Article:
Among children in a behavioral treatment program, those with naturally higher levels of anxiety appear to exhibit greater resiliency after experiencing a severe natural disaster, compared to those with less anxiety, according to a new study published online in the Journal of Clinical Child & Adolescent Psychology.
The findings suggest that anxiety may act as an emotional buffer during a crisis and that interventions for natural disasters should consider focusing attention on children with lower levels of anxiety.
In April of 2011, four tornadoes with winds up to 200 miles per hour ripped through Tuscaloosa County, Alabama, killing 41 people and injuring more than 950. For the study, researchers sought to understand how pre-existing mental health symptoms influenced the behavioral and psychological adjustment of children in this post-disaster situation.
They examined the effects of varying levels of exposure on 360 children in the fourth, fifth, and sixth grades who had been previously enrolled in a behavioral treatment program, as well as their parents.
“Initially, we thought that children with higher levels of anxiety prior to the tornado would develop intensified behavioral problems after the disaster,” said John Lochman, Ph.D., A.B.P.P., lead author of the study.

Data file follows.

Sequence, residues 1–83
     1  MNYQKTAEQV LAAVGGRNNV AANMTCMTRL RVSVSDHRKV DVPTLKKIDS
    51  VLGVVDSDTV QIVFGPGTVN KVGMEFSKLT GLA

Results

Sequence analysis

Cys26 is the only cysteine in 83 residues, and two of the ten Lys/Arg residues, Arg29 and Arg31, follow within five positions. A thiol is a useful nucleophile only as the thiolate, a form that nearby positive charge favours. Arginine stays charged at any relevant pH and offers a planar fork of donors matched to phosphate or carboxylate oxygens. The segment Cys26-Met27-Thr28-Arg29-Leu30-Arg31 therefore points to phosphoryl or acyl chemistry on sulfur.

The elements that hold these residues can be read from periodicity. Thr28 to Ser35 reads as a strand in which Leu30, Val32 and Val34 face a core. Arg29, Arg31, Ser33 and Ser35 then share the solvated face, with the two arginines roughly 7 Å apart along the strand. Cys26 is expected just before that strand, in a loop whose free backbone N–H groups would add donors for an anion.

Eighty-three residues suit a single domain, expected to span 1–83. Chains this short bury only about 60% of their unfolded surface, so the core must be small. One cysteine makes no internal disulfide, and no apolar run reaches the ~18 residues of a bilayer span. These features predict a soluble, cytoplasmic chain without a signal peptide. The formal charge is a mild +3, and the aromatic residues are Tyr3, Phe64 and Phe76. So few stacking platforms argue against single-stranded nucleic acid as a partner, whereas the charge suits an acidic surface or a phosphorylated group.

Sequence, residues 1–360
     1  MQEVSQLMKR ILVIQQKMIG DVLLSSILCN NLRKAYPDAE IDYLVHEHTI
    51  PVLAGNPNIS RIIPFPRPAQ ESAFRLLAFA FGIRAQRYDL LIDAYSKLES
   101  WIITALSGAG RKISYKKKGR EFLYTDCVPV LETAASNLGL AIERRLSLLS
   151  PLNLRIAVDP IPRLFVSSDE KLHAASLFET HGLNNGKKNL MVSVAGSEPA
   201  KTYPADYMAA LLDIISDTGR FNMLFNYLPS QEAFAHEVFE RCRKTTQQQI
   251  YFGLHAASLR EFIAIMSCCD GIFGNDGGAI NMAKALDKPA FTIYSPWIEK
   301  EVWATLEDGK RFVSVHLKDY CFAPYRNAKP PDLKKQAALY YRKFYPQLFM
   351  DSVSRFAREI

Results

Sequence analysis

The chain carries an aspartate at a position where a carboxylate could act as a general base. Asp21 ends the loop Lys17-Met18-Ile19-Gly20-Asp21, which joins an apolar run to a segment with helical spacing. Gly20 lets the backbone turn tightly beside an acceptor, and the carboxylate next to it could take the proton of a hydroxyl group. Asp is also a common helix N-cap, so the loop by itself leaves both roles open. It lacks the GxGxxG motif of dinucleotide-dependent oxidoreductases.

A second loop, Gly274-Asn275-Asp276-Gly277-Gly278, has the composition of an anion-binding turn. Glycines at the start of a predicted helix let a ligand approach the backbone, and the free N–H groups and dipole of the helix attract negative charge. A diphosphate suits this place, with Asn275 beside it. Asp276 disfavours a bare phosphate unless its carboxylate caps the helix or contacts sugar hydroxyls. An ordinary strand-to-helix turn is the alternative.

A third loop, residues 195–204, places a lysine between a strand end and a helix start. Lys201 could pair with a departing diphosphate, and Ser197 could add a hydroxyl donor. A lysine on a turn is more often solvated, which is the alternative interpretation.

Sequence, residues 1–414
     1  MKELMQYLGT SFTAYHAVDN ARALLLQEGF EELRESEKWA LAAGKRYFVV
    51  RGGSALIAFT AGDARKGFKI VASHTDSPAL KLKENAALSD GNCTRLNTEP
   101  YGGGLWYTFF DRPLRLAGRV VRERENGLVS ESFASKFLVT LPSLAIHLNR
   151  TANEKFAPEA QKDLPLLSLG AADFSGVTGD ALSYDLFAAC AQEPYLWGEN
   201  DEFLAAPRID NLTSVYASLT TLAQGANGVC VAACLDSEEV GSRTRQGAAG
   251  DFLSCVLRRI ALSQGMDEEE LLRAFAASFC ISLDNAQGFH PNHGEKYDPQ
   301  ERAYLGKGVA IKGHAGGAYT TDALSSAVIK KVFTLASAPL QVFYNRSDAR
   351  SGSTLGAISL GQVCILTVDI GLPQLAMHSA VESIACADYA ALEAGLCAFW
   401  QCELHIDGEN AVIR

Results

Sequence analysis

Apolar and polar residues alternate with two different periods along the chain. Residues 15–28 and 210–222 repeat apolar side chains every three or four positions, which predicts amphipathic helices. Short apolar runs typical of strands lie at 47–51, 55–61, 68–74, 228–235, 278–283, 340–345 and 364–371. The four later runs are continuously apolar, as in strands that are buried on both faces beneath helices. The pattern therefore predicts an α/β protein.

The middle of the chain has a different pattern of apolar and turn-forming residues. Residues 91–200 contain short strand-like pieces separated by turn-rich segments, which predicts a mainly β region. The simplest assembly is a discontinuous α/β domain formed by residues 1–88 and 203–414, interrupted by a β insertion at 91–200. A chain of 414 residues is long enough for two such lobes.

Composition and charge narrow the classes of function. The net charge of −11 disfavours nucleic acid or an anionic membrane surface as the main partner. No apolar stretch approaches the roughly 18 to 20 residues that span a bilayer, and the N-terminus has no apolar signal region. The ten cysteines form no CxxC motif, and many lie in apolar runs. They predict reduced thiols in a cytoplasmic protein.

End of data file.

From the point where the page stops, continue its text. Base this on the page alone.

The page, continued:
“Surprisingly, children’s anxiety appeared to help them handle the stress of a natural disaster more resiliently than those who had lower anxiety levels before the tornado hit.”
Participants had been previously selected based on aggression levels rated by their parents and teachers. They were enrolled in one of two intervention groups that teach children to use cognitive-behavioral strategies for goal setting, emotion regulation, and social problem solving.
Information was gathered on children’s and parents’ trauma exposure, and the children’s aggression levels in three waves: once before the tornado, within six months, and then one year after the tornado.
In addition to children’s reactions, aggression, and anxiety levels, researchers also took into account the parents’ reactions to the tornado’s effects. The children of parents who reported actually fearing for their lives showed a corresponding response in terms of internalizing behavioral problems, the researchers found.
“We believe that the parents’ emotional reactions to the consequences of this tornado may have had an impact on how their children reacted as well, causing them to show more signs of post-traumatic stress symptoms and aggression,” said Lochman.
The findings in this study suggest that children who are already involved in programs to help prevent aggressive behavior continue to benefit from these interventions even after a disaster.
Furthermore, in offering psychological intervention for children exposed to the devastating effects of natural disasters, programs may consider focusing attention on children with lower levels of anxiety.
Source: The Reis Group